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Dec 12, 2007 01:01 PM

Electric cooktops?

I am planning on getting a new cooktop for our kitchen. Gas is not an option so that means I need to go electric or induction. I am not wild about going with an induction cooktop because it will require me to replace my entire collection of cookware.

The electric cooktop I have at present is a coil model. These seem to have fallen out of favor, being replaced by the flat electric cooktops. This flat electric cooktop used to heat up very slowly and was prone to scratching. What are folks experiences with the modern versions of this cooktop? How is the heat up time? How do they stand up to use? Does anyone know of any places to get reviews of these types of cooktops?

Thanks in advance for your help.

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  1. I have had a GE Profile for three years and love it. I used it quite a bit. It has bridge burners and burners can be resized for different pots. It heats up really fast and has a built-in downdraft ventilation. It wasn't my first choice -- I wanted the Dacor with the slide controls, but that was 1/2" too large once pop-up ventilation was included, so I settled. I was so disapppointed that gas was not an option, but I really like this cooktop. Get black. White is crazy. And learn to use a true cooktop cleaner once in a while to get anything burned on, off. (Weiman's).

    I feel very differently about electric now that I have this cooktop. The old coil model I found in my house was spotty in terms of heating, and shot sparks out on a few occasions. That was enough for me.

    I use cast iron, enameled cast iron (Le Creuset) with and without "bottoms" (meaning, there is enamel on the bottom that matches the sides) and stainless steel cookware all the time. Just try not to drag heavy LC pots over it -- that can't be good.

    The look is sleek. I'd recommend it in a heartbeat.

    1. i have electric flat top in my cottage since i figured it would look good, i wouldnt be cooking all that much. its by maytag. i hate it. there are two ways to cook on it overheating or under. very inconvenient and i regularly burn stuff on it because of the inconsistencies. i would never recommend this brand but not sure of the flat top itself too. i wish i had put in gas. but like i mentioned before thought this was a nice looking cook top.

      1 Reply
      1. re: foodwich

        We just bought a Whirlpool ceramic flat top about 6 months ago and I love it. It heats up immediately, the heat is evenly distributed and makes such a difference in my cooking. It does require some TLC though in keeping it clean but that's okay. I use a paper towel and the cleanser that is specific for cooktops. No problem and worth the extra effort. It sparkles.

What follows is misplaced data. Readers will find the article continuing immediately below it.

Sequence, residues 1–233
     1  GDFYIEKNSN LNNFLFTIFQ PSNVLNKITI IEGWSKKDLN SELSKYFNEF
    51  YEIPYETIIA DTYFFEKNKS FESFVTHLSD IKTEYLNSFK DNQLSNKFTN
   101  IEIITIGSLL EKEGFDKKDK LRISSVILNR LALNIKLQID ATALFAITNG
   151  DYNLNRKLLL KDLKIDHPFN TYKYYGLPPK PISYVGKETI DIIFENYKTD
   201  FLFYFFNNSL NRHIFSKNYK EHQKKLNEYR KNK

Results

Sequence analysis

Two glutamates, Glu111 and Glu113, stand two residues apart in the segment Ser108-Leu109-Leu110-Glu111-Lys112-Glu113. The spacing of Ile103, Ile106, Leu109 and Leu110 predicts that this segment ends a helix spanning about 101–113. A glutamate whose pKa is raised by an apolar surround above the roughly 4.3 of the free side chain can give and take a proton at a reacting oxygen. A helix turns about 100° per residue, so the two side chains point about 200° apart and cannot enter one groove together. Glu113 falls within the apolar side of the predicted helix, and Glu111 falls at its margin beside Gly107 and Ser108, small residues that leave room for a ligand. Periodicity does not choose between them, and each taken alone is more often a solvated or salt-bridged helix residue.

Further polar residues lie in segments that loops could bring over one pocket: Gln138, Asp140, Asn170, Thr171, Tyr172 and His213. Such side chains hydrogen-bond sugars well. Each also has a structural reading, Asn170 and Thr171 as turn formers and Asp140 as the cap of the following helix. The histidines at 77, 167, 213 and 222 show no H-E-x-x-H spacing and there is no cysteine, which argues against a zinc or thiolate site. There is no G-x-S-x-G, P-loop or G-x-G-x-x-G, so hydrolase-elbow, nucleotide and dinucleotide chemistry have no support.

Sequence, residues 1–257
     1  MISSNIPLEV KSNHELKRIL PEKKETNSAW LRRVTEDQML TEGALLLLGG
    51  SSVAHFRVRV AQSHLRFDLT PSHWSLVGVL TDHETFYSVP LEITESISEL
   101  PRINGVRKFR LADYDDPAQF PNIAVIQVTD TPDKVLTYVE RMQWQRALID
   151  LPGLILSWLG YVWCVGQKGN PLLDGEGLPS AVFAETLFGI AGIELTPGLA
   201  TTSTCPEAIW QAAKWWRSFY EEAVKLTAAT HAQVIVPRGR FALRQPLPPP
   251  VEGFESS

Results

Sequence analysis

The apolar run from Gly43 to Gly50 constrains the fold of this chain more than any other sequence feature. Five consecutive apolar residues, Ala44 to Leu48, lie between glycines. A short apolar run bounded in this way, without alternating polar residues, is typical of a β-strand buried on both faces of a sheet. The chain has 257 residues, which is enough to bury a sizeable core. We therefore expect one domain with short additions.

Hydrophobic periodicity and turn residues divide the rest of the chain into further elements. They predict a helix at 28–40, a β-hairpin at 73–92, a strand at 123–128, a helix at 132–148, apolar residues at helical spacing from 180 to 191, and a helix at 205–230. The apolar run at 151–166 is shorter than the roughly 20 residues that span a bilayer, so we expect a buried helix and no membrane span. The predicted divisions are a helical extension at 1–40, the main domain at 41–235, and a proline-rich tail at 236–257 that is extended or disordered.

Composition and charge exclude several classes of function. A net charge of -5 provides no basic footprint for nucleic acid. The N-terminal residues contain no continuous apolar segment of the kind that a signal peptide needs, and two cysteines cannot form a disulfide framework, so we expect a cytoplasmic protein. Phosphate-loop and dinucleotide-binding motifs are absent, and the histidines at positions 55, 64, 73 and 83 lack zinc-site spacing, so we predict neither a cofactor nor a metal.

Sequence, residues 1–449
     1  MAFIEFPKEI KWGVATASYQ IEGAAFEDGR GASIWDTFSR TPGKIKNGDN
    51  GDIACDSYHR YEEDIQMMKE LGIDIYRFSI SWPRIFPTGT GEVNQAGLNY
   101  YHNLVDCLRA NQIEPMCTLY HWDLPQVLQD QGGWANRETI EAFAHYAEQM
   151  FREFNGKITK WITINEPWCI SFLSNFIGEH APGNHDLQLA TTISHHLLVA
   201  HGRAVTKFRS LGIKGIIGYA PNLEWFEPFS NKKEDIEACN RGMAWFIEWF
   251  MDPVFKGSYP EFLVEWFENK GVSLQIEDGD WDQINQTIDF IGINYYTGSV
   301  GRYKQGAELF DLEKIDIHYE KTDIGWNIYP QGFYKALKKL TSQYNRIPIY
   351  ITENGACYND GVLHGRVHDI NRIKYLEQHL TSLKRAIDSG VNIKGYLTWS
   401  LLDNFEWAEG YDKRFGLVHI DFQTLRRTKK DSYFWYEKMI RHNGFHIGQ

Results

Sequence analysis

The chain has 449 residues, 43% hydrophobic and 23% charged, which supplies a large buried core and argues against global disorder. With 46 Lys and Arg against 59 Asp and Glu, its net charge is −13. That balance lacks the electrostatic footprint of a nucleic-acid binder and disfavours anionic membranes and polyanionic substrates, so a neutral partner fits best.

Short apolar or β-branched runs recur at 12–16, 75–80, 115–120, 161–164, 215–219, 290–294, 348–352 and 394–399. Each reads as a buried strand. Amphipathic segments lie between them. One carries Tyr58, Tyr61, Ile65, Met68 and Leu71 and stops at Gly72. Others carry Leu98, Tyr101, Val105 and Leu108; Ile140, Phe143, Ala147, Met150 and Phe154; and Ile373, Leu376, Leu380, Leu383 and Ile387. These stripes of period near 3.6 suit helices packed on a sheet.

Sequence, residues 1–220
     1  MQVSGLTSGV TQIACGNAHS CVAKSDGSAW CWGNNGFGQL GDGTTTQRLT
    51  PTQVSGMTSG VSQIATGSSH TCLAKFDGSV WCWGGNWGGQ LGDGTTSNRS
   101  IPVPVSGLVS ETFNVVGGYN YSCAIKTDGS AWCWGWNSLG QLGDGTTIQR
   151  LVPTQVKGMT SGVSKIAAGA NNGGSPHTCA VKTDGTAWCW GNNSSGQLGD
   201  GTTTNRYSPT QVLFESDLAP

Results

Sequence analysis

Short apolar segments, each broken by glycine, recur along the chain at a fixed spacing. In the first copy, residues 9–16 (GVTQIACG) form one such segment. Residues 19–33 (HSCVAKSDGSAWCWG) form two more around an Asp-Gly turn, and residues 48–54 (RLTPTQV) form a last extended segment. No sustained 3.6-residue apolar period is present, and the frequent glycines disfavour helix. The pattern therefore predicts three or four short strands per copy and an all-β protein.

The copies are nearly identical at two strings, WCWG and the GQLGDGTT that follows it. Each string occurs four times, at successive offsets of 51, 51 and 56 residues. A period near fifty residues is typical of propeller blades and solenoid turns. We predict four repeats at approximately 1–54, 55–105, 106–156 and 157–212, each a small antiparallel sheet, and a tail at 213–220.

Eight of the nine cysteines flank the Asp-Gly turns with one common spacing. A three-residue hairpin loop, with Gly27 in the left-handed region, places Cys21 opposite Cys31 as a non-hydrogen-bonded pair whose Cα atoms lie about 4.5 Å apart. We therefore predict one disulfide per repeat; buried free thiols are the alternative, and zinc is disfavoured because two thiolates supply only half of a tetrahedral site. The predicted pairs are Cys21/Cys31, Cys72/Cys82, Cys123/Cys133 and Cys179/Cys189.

2. Thermador makes a an induction cooktop that uses their radiant-induction hybrid heating sytsem which doesn't require all-magnetic cookware.

        All the benefits of induction, w/o new pans

        2 Replies
        1. re: bworp

          Thanks all for your suggestions.

          The Thermador radiant-induction top seems very interesting. I will have to check into that a bit more.

          1. re: tritium

            The Thermador cooktop bworp linked to is not some new heating system, it's just two regular electric radiant heating elements and two induction elements in the same cooktop. Your (non induction-compatible) cookware would not work on two of its burners.

            Do you have a lot of money invested in your cookware? Have you ever cooked on induction? Just wondering. Induction is also very energy-efficient, about twice as good as standard electric.

        2. Good coil models are often better than the more expensive stuff!

          I've played with induction, and it's amazing when it works at its best. Under ideal conditions, a large pot of water boiled in under a minute. But cookware is very tricky. I had stainless steel to which magnets held fast that didn't work at all. I also had a pan that worked perfectly, though a magnet wouldn't stick.

          Flattops are also tricky. If you cookware isn't reasonably heavy and very flat, you get poor contact and poor cooking.

          The Thermador system sounds interesting and you could also investigate halogen (which heats and cools quickly, almost like gas).

          Unfortunately, there aren't many objective ratings of these things. You could try Consumer Reports and

          1. I know this almost a year late, but want other people searching to hear my side as well. INDUCTION COOKING IS THE BOMB. We went w/ the Kitchen Aid and I will never (hopefully) live in a place that has traditional electric or gas. The technology is unbelieveable and I am shocked it hasn't taken off yet. I guess the big downside is upfront cost. It is two to three times more expensive unless you are willing to look and yes, you have to use pans that have metal in them, but the extra cost is well worth the time saved and the cooking experience!!! BTW, we bought the All Clad Stainless package around Christmas so were able to get a fairly decent deal on the new cookware as we had pretty cheap stuff that wouldn't work. There are absolutely no hot spots and when keeping stuff warm, it does just that. I love turning it on for my friends and puting a klenex on the stove top, then putting a big pot of cold water on it and timing how long it takes to reach full boil. They Freak that the klenex does not start on fire and the water boils in less than a minute. Way, way worth the $$, especially if you shop and can do the upgrade yourself to save a little coin.